The Puritans are often labeled as killjoy because of their view and practice of the Sabbath. Considering that there are various recreations for us that can be enjoyed even for the glory of God, we wonder why anyone would even forbid them in general on any day. The sight of these men in history arguing over whether hobbies are ‘okay’ during the Lord’s Day, for us in a secularized twenty-first century, is like watching cavemen clubbing each other’s head while talking gibberish. Even for evangelical Christians, this seems too primitive and worse, legalistic and pharisaical.
“This Sabbath is to be kept holy unto the Lord when men, after a due preparing of their hearts, and ordering of their common affairs beforehand, do not only observe an holy rest all the day from their own works, words, and thoughts about their worldly employments and recreations, but also are taken up the whole time in the public and private exercises of His worship, and in the duties of necessity and mercy.” (WCF 21.8)
Very few would dispute the prohibition in Scripture regarding our earthly vocation during the Lord’s Day. But question marks pop everywhere when the Confession, in its expression of what the Scripture says, also impinges on our hobbies and recreations. If it’s a day of rest, why can’t we have a little fun? The usual response to this question is to set a codified guideline of what is and what is not allowed to do. We’re itching to know the boundaries. Where do we draw the line, so that we would know if we have formally stepped over it? This deserves a fair consideration. Setting up protocols are not bad by default and can even be helpful in many cases if applied correctly. Wanting to get our externals right isn’t wrong per se. Jesus did not condemn the Pharisees for cleaning their cup from the outside; He pointed out their irrationality for cleaning the outside of the cup while forgetting to clean it from the inside. As they say, first things first. And concerning our observance of the Lord’s Day and its prohibition on our worldly recreations, the same principle must be considered. We must first deal with the ‘why’ before proceeding to the ‘how.’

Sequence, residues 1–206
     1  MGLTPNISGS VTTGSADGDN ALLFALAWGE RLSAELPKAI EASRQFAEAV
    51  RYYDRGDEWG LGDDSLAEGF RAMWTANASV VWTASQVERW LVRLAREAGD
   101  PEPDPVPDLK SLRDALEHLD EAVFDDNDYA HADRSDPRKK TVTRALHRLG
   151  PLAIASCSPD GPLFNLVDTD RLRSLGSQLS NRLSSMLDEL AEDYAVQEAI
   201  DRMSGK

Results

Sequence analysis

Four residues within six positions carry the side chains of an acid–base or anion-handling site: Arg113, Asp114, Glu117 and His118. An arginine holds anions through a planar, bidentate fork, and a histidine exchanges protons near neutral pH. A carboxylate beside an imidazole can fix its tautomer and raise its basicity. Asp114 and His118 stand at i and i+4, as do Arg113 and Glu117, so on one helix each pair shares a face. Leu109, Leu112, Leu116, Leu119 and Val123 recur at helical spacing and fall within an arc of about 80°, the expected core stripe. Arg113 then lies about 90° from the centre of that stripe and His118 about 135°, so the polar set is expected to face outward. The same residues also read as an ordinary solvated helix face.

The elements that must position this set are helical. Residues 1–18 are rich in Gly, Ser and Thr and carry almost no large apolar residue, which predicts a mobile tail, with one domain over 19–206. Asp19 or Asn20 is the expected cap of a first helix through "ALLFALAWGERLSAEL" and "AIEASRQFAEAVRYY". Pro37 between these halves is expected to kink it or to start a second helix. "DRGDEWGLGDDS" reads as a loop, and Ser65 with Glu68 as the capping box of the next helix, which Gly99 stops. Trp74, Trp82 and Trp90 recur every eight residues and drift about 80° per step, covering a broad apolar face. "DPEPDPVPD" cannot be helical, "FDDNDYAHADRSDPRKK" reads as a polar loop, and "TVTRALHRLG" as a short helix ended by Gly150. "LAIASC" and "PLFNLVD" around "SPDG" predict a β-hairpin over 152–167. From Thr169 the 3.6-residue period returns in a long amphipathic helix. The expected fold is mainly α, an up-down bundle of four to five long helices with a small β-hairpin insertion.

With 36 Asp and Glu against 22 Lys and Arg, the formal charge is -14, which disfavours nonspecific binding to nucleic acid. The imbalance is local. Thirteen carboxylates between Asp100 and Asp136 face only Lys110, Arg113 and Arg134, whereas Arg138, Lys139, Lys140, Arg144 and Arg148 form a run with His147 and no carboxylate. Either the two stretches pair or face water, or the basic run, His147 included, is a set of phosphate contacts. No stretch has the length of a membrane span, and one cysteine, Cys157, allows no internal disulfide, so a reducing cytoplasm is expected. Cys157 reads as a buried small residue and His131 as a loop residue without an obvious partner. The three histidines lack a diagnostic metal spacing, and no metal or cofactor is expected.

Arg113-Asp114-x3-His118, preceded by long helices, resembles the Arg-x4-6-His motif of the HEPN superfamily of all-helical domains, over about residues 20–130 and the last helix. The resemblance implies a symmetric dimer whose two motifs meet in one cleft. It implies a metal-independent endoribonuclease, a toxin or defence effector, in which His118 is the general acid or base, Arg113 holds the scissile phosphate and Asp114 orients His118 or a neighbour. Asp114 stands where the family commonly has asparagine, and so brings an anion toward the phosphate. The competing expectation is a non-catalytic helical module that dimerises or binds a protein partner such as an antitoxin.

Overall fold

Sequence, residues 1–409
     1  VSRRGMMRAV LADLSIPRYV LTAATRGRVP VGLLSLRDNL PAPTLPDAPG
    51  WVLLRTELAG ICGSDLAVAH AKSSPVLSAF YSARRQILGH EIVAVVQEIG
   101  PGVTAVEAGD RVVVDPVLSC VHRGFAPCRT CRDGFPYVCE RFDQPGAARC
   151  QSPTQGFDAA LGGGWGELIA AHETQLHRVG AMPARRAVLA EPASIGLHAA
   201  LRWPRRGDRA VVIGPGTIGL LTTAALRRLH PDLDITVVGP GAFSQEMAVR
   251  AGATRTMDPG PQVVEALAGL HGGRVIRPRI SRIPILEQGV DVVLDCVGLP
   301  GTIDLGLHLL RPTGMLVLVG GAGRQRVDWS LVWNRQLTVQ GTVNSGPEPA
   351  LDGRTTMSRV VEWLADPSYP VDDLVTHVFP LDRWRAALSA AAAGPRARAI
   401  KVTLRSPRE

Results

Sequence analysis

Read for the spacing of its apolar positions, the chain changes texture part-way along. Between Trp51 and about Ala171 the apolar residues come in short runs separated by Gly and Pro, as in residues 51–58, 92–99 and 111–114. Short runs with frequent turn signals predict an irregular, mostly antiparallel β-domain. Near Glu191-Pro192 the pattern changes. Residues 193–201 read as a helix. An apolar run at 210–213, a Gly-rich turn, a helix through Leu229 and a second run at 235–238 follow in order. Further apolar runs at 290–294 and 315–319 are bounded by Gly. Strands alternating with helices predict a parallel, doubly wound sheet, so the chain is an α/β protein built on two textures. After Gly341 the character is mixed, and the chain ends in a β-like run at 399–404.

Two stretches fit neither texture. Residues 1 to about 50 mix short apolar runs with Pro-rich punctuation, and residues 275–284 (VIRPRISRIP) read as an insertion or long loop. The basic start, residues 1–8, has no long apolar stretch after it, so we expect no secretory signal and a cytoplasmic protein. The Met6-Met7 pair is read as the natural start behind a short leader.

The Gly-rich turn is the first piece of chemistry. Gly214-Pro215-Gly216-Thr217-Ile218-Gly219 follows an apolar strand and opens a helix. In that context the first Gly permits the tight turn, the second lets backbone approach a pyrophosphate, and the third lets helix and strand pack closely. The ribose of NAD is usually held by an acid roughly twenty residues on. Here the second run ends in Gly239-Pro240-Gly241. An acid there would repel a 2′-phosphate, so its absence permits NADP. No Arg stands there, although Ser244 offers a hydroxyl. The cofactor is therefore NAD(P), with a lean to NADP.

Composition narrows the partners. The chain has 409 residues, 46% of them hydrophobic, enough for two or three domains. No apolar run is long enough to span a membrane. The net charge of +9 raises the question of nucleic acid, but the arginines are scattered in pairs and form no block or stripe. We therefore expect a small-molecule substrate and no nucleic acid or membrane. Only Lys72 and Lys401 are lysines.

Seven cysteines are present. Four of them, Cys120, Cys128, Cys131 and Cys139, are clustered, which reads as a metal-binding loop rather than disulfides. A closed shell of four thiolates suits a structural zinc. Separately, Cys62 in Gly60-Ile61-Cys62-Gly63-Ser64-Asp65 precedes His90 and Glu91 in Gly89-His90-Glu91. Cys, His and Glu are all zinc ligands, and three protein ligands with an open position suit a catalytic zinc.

Arguably, the clearest text regarding the subject would be Isaiah 58:13 that says “If you turn back your foot from the Sabbath, from doing your pleasure on my holy day, and call the Sabbath a delight and the holy day of the LORD honorable; if you honor it, not going your own ways, or seeking your own pleasure, or talking idly…”
It wouldn’t take long to notice that this verse seemingly contrasts two synonymous words: ‘delight’ (of the Sabbath) and ‘pleasure’ (of your own). “If worldly recreations, as you have mentioned, are not sinful in and of themselves, then why is this so?” What we must understand is that, though the passage appears to put them in a contrasting manner, it is not pitting these two over against each other. God is not killjoy. In fact, He intends to give the height of our happiness in Him. We are called to turn away from our own pleasure and call the Sabbath a delight, not because the former is evil, but because the presence of the latter deems it unnecessary. The prohibition that have been set before us, paradoxically, is an invitation to surrender a weaker pleasure to fully enjoy a greater one.
I agree. The Sabbath isn’t heaven yet. But here on earth, it’s the closest we can get to it. A day of congregating with other redeemed sinners, hearing and being nourished with the Word, confessing our infirmities with grace-filled boldness, singing to our Savior; these are the things that make the Lord’s Day a day of rest for the Christian. This is where our perception of the Sabbath matters. If you spend the other six days of the week as though you are a permanent citizen of this world, sucked into its definition of happiness, then the Lord’s Day will be a drudgery for you. You’ll be wearing a mask, fidgeting here and there, wishing for it to be over so you could get back to the real business. But if you know that you are but a sojourner on your way Home, then this will be on the reverse. You will spend your six days looking forward to this day of rest; tending the field and “having fun” while waiting. And when Sabbath comes, you drop these inferior enjoyments down without hesitation because a more tangible realization of the heaven that you long for is now here.